Twenty-Ninth Sunday in Ordinary Time – Cycle C

19 October 2019

Reflecting on Lk. 18: 1-8

That poor widow. She didn’t have enough money to bribe the judge. You’d think she would have put something away in her emergency fund for that line item. Fortunately, God’s mercy is greater than that of any judge.

Now, this particular judge cares nothing for God nor human. He turns a blind eye to despair and horrific human rights abuses. He’s rendered the “dishonest” judge, which suggests that his justice can be bought for the right price. However, she figures out how to wear him down. She simply stations herself at his courtroom door and doesn’t budge until he does.

It’s kind of the opposite of what we view as good parenting. The virtuous parent cannot be cajoled or beat down by the constant begging and temper tantrums of a strong-willed child. In the standoff between what the child wants and what’s good for the child, the wisdom of the good parent prevails.

But in this case it’s the strong-willed widow who will not be moved, and she represents us as we go before God in prayer. But is God the unfeeling, stone-cold judge who can only be forced to give justice when utterly worn down?

I love this more contemporary way into this parable: God is the stubborn widow, unrelenting and undaunted, pounding on the doors of our hearts to force US to open, US to give shelter, US to give warm nurture to the widow, the orphan, and the stranger in the land (Deut. 10:18).

In this interpretation, God is demanding justice of US. That’s scary. I know I’m incapable of any action that could level the playing field in my little world, am I? Hmm. Now who’s the dishonest judge?

If God is the widow and you are the judge, what action is God asking of you?

Kathy McGovern ©2019

Kathy McGovern © 2014-2015

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Twenty-Eighth Sunday in Ordinary Time – Cycle C

12 October 2019

Reflecting on Lk. 17: 11-19

Geography. It’s my biggest challenge. I remain mystified by maps and global positioning, and—it really is this bad—if I pull up a Google map of the street where I’ve lived for 31 years I have no idea how to find my house.

But geography is one of the main characters in biblical stories. Knowing where an event took place gives the reader insight into the lives of the people involved. For Namaan the Syrian to travel all the way down to the Jordan River, passing two perfectly good rivers in Damascus on the way, tells us how miserable his leprosy was, and how desperate this “foreigner” was for relief.

After his healing he had one plan moving forward. He would cart home as much of that holy ground as possible, because “there is no God on all the earth, except in Israel” (2 Kings 5:15). Hmm.

The ten lepers (whom St. Luke says appeared to Jesus at the border of the Galilee and Samaria) were instructed by Jesus, before they were cleansed, to show themselves to the priests. Now, one of those lepers was actually from Samaria, where the Samaritans had their own Temple and their own priesthood. Awkward! Did he really have to go all the way down to Jerusalem to find the priests, or could he stay put once he arrived in his own town?

His resolution was perfect. He went back to Jesus and gave thanks to him! Unlike Naaman 800 years before him, this “foreigner” perceived that the One True God wasn’t chained to a land, or a Temple. To know this God, and give thanks to this God—euchariston—makes all of us strangers no longer.

What favorite geographic spot brings you closest to God?

Kathy McGovern ©2019

Kathy McGovern © 2014-2015

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Twenty-Seventh Sunday in Ordinary Time – Cycle C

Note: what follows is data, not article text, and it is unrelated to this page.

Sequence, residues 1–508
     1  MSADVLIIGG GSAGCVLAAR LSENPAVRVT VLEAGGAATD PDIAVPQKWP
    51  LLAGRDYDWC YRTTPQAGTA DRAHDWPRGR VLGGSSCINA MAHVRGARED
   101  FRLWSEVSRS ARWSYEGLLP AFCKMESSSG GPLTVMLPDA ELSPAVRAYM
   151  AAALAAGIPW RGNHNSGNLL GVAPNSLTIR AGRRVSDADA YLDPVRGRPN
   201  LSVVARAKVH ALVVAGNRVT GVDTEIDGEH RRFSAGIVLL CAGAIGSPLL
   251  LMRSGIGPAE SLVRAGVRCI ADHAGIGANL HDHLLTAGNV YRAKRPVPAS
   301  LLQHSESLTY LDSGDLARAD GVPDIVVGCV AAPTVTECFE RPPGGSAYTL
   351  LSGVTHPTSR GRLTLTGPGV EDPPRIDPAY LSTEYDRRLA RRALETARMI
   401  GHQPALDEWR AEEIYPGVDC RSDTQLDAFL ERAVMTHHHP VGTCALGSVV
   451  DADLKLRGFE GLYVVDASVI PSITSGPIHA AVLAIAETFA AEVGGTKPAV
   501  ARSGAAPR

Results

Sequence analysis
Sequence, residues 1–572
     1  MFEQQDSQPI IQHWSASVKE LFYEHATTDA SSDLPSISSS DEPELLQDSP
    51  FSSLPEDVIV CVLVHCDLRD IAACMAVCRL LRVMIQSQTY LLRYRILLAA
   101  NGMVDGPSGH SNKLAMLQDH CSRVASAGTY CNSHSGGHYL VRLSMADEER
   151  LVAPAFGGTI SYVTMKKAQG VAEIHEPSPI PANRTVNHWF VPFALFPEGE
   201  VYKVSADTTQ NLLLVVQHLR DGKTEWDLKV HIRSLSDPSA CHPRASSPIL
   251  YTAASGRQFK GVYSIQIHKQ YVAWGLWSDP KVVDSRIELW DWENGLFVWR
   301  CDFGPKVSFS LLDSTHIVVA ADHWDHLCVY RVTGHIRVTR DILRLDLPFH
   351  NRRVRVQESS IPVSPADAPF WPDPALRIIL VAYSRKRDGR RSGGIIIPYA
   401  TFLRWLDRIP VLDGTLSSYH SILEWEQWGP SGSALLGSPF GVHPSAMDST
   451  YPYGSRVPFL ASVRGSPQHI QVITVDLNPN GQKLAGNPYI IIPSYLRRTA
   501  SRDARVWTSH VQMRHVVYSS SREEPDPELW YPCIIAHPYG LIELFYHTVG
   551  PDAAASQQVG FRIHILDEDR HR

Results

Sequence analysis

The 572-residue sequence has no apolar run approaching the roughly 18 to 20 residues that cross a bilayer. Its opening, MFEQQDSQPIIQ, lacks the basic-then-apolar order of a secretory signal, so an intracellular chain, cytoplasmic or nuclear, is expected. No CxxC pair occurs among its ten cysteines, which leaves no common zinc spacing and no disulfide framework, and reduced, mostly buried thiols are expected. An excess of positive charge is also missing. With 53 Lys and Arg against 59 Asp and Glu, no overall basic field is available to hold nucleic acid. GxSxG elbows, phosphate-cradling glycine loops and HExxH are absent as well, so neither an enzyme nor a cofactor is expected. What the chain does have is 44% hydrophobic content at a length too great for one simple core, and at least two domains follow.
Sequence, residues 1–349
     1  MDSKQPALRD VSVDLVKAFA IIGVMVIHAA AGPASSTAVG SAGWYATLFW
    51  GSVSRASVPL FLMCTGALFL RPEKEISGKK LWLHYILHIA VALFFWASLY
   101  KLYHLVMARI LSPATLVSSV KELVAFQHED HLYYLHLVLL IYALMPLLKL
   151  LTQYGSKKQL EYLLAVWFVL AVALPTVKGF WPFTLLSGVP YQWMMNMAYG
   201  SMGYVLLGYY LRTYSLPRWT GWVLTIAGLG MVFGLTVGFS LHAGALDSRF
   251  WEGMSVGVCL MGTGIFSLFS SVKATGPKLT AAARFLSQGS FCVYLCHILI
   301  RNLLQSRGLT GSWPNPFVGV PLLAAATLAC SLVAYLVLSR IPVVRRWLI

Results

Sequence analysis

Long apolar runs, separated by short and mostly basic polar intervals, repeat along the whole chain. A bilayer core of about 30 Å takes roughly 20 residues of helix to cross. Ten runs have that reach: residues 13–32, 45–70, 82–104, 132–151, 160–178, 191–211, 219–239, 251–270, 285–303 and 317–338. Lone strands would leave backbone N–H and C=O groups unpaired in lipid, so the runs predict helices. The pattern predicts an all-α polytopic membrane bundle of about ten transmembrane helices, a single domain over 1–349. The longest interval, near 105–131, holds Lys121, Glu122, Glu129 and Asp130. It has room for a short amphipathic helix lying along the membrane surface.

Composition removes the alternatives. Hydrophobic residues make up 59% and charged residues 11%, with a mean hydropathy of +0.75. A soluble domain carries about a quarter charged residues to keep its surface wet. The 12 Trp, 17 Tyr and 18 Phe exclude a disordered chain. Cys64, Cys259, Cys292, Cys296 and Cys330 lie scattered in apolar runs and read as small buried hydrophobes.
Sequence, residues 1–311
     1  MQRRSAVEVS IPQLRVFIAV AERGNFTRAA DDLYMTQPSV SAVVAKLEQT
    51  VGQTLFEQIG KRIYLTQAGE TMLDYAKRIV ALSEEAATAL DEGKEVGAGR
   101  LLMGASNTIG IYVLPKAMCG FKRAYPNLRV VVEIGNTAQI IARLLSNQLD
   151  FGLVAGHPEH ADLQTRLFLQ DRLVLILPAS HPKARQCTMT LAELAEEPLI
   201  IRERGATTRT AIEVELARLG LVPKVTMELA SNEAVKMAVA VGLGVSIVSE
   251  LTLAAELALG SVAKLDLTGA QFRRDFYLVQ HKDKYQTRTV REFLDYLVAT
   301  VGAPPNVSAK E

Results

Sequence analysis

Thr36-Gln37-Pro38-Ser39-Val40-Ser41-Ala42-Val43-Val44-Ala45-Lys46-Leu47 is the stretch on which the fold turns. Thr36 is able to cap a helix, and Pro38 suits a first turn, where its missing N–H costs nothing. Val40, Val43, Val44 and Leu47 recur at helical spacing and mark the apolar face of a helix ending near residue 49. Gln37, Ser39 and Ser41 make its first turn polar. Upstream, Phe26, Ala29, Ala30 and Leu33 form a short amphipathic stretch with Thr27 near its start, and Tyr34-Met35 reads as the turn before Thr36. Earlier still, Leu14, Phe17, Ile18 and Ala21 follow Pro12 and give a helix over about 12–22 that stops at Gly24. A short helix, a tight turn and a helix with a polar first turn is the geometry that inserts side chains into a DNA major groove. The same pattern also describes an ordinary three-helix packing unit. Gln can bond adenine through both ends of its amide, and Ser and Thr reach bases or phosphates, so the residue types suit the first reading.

5 October 2019

Reflecting on Luke 17: 5-10

Many years ago I attended the going-away party of a Sister of St. Joseph of Carondelet (CSJ) who, after working hard well into her eighties, was moving to their retirement home because of some health problems.

For over an hour the tributes to her brought forward secure, prosperous adults whom she befriended as at-risk children, and cared for into adulthood. We heard from grateful parents who were devoted to her because of her passionate advocacy on the part of their children, decades earlier.

We watched elderly, frail nursing home patients weep in gratitude to her for her compassionate care for them. We heard multi-generational stories of her friendship to families who needed and loved her, from their own childhoods all the way to the lives of their grandchildren.

She was, of course, miserably uncomfortable through the whole evening, watching the clock and trying to get out from under the attention she had successfully eluded her whole life as a Religious, until she couldn’t find anywhere to hide and had to listen to a small fraction of the people who love her.

When it was finally her chance to speak, after the lengthy standing ovation and over the muffled sobs of the packed room, she simply said, “What’s the big deal? I only did what I was supposed to do.” And that was that.

My scripture-teacher husband Ben says to me all the time, as I thank him for the endless ways he makes my life joyful, “ I am your unprofitable servant. I do what I am obliged todo.”He’s kidding, but not really.

We are meant to serve each other, in Jesus’ name. I love being a servant in the household of God.

In what ways are the most rewarding parts of your life related to service?

Kathy McGovern ©2019

Kathy McGovern © 2014-2015

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Twenty-Sixth Sunday in Ordinary Time – Cycle C

28 September 2019

Reflecting on Luke 16: 19-31

Here it is again, that marvelous story Jesus tells of Dives—which means “rich man,” and is a made-up name for the guy Jesus purposely wanted to keep nameless—and Lazarus, whom Jesus names many times in his story, just in case we missed the point that he who was ignored in life goes into heaven with his name preserved for eternal memory.

Speaking of names, don’t miss this: Dives ignored Lazarus, even as he begged right outside his door in the most desperate of circumstances. But once Dives was in eternal torment, he all of sudden remembered the name of that beggar whom I’ll bet he didn’t call by name a single time in life.